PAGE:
GPS Rollover Week
Accurate data underpins the modern economy
The Global Positioning System (GPS) Rollover Week begins this Saturday 6th April. What does that even mean I hear you cry?
It means that there is a chance your GPS device might start acting a bit weird. Jumping backwards in time………. not literally, sorry budding time travellers! More likely some GPS receivers may start to behave strangely as their time stamps on data may revert 20 or even 40 years. Some may not be able to cope at all and shut down.
What is causing all of this?
It is all due to how GPS manages and measures weeks in the navigational signals they transmit. All week numbers are encoded in a form that can represent a maximum of 1,024 weeks. Once this number is reached, a GPS device reverts its count to zero and starts counting again.
1,024 weeks equals 7168 days, or approx. 235.7 months, or approx. 19.6 years.
This 7,168-day period of time is referred to as an ‘epoch’, a continuous time system for all satellites, observation and GPS systems. Still here? Good.
When did this last happen?
That is easy, 21st August 1999, which was about 19.6 years ago, Do you see where I am going here?
The good news is that this has been known about for a while, and in fact this is the second time it has happened. The first count started on January 6th 1980, when GPS went live, and reached the end of its first epoch August 1999. We are now 20 years (or 1 epoch) further on and many GPS manufacturers will have updated their devices to deal with the rollover.
So, what are the potential consequences?
Though unlikely to cause serious consequences, utility, telecommunications, transport and government agencies could all be affected. The rollover is not expected to affect the receiver’s ability to navigate but does have the potential to give wrong timestamps. In turn, this may affect applications where time is a crucial aspect of the location data. Renewals, asset lifespan are just two broad examples of applications dependent upon date data.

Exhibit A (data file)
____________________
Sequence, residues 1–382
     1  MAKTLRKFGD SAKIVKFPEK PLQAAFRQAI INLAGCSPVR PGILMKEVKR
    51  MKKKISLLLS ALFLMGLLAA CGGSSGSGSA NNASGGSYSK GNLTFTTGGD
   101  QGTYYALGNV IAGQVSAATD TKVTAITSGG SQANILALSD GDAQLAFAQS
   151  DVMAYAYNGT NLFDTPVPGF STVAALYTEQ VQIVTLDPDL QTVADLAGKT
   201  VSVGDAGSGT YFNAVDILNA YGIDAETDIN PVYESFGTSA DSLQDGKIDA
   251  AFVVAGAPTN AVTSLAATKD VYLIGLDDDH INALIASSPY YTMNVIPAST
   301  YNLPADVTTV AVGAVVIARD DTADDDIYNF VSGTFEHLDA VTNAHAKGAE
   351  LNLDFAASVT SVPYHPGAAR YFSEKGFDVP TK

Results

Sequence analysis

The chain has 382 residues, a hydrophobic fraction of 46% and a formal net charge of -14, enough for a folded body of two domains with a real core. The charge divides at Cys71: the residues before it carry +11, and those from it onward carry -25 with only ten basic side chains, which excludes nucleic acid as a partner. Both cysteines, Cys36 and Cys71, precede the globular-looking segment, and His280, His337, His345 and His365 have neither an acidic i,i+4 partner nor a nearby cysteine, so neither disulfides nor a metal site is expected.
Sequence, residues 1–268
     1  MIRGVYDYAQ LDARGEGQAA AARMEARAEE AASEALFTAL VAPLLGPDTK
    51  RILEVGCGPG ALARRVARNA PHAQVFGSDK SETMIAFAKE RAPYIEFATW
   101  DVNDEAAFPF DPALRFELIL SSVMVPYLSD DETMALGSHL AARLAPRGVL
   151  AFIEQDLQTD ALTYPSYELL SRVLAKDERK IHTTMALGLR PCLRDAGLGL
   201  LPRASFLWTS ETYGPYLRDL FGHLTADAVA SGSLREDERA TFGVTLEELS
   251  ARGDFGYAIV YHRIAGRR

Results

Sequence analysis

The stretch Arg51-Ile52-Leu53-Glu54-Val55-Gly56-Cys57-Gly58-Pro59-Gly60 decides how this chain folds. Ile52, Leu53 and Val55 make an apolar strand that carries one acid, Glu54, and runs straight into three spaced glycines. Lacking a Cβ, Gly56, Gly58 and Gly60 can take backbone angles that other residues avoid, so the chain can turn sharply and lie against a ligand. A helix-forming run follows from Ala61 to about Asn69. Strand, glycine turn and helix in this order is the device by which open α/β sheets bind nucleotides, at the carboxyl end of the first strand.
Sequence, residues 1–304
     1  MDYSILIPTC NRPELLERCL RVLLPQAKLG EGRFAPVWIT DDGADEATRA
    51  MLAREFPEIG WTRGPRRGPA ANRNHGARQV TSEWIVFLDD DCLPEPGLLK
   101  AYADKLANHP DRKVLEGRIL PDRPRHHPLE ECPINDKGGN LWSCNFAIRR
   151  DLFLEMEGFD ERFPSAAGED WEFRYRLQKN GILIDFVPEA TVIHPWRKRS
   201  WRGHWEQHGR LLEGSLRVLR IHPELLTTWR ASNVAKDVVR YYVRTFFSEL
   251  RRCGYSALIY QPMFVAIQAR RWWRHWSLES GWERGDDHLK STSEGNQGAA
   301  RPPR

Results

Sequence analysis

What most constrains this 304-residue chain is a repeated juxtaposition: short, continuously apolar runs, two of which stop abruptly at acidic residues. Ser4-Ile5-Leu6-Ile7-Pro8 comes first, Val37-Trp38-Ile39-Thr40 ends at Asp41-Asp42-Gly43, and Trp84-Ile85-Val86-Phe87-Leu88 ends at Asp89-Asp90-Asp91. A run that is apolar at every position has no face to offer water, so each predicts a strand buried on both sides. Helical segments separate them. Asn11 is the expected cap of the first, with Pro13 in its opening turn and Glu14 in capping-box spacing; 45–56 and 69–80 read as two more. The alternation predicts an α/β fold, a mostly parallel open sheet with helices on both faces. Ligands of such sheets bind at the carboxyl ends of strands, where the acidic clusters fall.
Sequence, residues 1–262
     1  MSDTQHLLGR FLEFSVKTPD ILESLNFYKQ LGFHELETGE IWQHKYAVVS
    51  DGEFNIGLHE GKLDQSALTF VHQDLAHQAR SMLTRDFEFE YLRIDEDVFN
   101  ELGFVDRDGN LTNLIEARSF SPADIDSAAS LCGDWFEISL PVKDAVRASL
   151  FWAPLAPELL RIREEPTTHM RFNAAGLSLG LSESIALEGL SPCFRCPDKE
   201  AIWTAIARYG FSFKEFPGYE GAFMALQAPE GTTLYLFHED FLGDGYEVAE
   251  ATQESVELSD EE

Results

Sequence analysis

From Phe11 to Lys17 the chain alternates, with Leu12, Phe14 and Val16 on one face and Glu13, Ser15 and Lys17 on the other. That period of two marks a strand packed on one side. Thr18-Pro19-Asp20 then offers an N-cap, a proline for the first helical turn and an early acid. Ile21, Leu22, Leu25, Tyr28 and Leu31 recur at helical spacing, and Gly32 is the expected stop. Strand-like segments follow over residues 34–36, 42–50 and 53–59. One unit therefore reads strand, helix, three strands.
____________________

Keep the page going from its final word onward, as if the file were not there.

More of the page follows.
To describe the potential implications of inaccurate data, to the effective functioning of hardware associated with underpinning the global economy, as serious, is probably selling it a tad short.
Examples like this remind us of the immense importance that spatial data plays in our world and why data accuracy should be a crucial part of any companies’ business practice.
At 1Spatial we believe data accuracy and data governance across small or enterprise level business is vital to any organisation. Particularly as geospatial data becomes increasingly central to decision-making for both business and the consumer.
1Spatial has spent over 40 years working with the largest geospatial databases in the world. Our unique, rules-based approach delivers enterprise-scale, cross-platform, automation to all stages of the data lifecycle. It builds confidence in the data while reducing the time and cost of management.
We help land management and national mapping agencies, transportation organisations, utility companies, defence departments and the governments of countries, regions and cities to collect, store, manage and interpret location-specific information. Our open approach to data excellence ensures that our tools, processes and the data we manage work seamlessly with other leading players in the geospatial sector.
Written by Iain Brackenridge, Project Manager at 1Spatial.